It was not always easy, however, to fulfill what he believed to be his true calling. “A lot of the lone soldiers have a difficult time in our service, not necessarily during the time on base, or on missions, or training, but when you are given leave,” he said, because they have no place to go. “And after you finish service, [that] is really, really hard, [you’re in] a new country, you don’t know where you are, you don’t live on base, you need to find a place to live.”

The center steps in to provide guidance and assistance to those making their way through Israeli society. During service, it provides a sense of family for those who do not have family in the country, by hosting Shabbat dinners for 200 to 300 soldiers each month, and holiday celebrations throughout the year. Center volunteers attend pin and beret ceremonies marking the end of training, Flaster said. They bring snacks and drinks, and take photographs to post on Facebook, just as family members might do, so that soldiers do not feel left out as they watch their native comrades celebrating with their families.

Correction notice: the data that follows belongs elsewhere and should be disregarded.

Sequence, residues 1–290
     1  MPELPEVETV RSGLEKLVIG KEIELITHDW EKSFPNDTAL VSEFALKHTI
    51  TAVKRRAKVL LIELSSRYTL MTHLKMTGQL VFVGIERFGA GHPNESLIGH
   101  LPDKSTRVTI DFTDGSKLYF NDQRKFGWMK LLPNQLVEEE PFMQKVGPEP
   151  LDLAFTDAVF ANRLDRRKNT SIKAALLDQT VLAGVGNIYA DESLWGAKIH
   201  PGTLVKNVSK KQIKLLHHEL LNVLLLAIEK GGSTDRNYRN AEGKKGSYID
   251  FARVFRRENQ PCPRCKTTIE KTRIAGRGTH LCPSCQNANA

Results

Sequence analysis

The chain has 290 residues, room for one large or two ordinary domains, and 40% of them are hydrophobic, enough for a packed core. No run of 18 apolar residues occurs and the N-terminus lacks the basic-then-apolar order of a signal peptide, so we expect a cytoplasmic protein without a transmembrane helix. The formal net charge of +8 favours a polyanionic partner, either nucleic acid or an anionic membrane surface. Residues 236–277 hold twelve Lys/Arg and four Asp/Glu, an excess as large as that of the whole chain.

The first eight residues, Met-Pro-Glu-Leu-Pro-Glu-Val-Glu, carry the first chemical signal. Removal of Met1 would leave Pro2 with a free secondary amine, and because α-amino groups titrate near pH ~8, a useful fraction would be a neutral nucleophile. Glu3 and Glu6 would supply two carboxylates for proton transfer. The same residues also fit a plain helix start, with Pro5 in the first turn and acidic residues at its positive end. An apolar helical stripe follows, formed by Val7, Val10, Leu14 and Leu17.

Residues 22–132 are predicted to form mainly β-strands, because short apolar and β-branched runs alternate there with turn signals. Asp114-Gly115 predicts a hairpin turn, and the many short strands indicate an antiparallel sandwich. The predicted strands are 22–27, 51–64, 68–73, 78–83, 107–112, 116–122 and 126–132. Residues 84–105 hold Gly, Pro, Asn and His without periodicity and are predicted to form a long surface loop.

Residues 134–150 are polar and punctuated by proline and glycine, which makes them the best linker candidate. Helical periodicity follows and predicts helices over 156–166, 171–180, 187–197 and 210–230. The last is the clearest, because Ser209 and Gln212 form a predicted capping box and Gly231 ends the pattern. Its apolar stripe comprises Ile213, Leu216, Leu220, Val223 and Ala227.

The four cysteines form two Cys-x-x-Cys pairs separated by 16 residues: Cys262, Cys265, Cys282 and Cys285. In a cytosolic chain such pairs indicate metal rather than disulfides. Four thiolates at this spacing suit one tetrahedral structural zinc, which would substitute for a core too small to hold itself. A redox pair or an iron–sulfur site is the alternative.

“It’s very depressing,” he said. “I know from experience.”

After they complete their service, the center helps lone soldiers navigate college entrance exams, hunt for apartments, furnishing the new living quarters, and preparing for their future as Israeli citizens.

“They are always here for me, watching out for lone soliders who come from all over the world,” Silber said. “I couldn’t have done any of this type of army service — it would be so much more difficult if not for the Lone Soldier Center.”

On the Gaza border, as Silber waited with his unit for orders, Hamas’ rain of missiles came to an end, at least for now. In Monsey, the Silber family breathed a sigh of relief.

“When he finished four weeks ago, I was like, ‘whew, this is great,’” said Silber’s father, Shea. “This whole thing with Gaza broke out. I hoped he would not see any action….When he re-enlisted, my heart sank. I had a lump in my throat, I’ll be honest with you.”

Silber, however, wrote to his mother that he and his comrades were upset that they did not go into Gaza, despite the obvious peril. Subsequently, Chaim Silber was in the south on maneuvers, preparing for whatever may happen next.

“They were hyped to finish the job,” Brookie Silber wrote in a follow up e-mail. “As parents, of course, we were relieved.”